We examined differences in mean measure difficulty scores among the clinical-performance measures studied and the four specific care areas via a one-way between-groups analysis of variance (ANOVA), using Tukey’s WSD to correct for multiple comparisons and the Brown-Forsyth test (with Welch’s correction when needed) to check homogeneity of variance.

Differences Among Clinical-Performance Measures in FJA Scale Complexity Ratings

We examined differences among the clinical measures on each of the ten FJA complexity scales using the same one-way between-groups ANOVA method described above.

RESULTS

Correspondence of Clinical-Performance Measures and Difficulty Scores

Our intent was to apply FJA methodology to 17 measures VHA uses to measure clinical performance in order to assess measure difficulty. However, in two instances there was not a one-to-one correspondence of a single performance measure with a single difficulty score. The first involved three sets of measures: hypertension control (measures 8 and 9 in Table Table2),2), foot inspections/pedal pulses (measures 10 and 11), and hemoglobin (Hb) A1C control (measures 12 and 13). We chose HbA1C to illustrate the phenomenon in all three sets of measures. The data set included two measures specifying two different cutoffs (HbA1C >11 and HbA1C <9). Nonetheless, the tasks involved in accomplishing the measures were identical, as were their respective task complexity, task difficulty, and measure difficulty scores. In other words, a single score described the difficulty of two different measures. For completeness, however, we reported the two measures independently.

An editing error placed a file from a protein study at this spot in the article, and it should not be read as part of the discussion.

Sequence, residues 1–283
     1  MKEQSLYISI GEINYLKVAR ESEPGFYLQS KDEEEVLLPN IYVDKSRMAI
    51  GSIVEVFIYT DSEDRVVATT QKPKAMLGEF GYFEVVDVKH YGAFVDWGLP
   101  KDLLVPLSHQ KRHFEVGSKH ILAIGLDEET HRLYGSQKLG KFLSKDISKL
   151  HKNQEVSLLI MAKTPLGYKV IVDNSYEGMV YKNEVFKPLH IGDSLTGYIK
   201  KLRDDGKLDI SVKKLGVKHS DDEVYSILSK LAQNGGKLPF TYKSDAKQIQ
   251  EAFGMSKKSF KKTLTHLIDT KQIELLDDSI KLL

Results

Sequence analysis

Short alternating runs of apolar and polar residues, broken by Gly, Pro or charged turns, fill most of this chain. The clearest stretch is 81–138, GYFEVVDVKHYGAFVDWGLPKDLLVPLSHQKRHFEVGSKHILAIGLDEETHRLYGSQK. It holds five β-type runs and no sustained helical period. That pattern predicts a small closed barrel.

Table 2
Standardized (z-score) Measure Complexity and Difficulty Ratings, and Results of Analyses of Variance across Measures/Care Areas

The second instance involved colorectal-cancer-screening measures. We found that performing either full colonoscopy or a flexible sigmoidoscopy could satisfy the measure, which involved two different sets of tasks resulting in two different measure difficulty scores. In other words, one clinical-performance measure was described by two measure difficulty scores. We elected to report both variations of the measure and used both measures in our analyses (see measures 5 and 6 in the Screening section of Table Table2).2). Subsequent results are based on 18, rather than the original 17 measures.

Descriptive Statistics

Table Table22 presents mean standardized individual and aggregated measure complexity and measure difficulty ratings for each clinical-performance measure across clinical care areas. Unstandardized values are provided in Appendix C (available online). Mean ratings for the clinical-performance measures did not exceed medium levels of complexity for any of the individual FJA scales; for the Things and Math dimensions, scores always indicated low levels of complexity. Clinical-performance measures varied substantially in their component number of tasks (mean = 10.56, 95 % CImean = 7.45 to 13.67; SD = 6.25, 95 % CISD = 4.69 to 9.37; min = 5, max = 25). The component number of tasks per measure was not significantly related to either the measure difficulty or individual FJA scale complexity ratings (all ps > 0.05, with the exception of worker technology, where r = −0.49, p = 0.04; see Table Table33).

Table 3
Pearson Correlations between Number of Tasks in Performance Measures and Functional Job Analysis Scale Ratings (n = 18 Performance Measures)

Difficulty Rating Differences among Clinical-Performance Measures and Care Areas

Table Table22 presents our analyses of variance. Significant differences existed among measures in measure difficulty, F (17, 172) = 2.17, p = 0.006. Beta blockers and Major Depressive Disorder screening each exhibited higher measure difficulty scores than cervical-cancer screening (pairwise p = 0.014 and 0.019, respectively). Additionally, significant differences existed in measure difficulty when grouped by care area, F (3, 186) = 3.57, p = 0.015. On average, measures of chronic care following acute myocardial infarction (i.e., patient receives aspirin and beta blockers at most recent visit) exhibited significantly higher difficulty scores than diabetes or screening measures (pairwise ps = 0.015 and 0.001, respectively), though they did not significantly differ from immunization measures.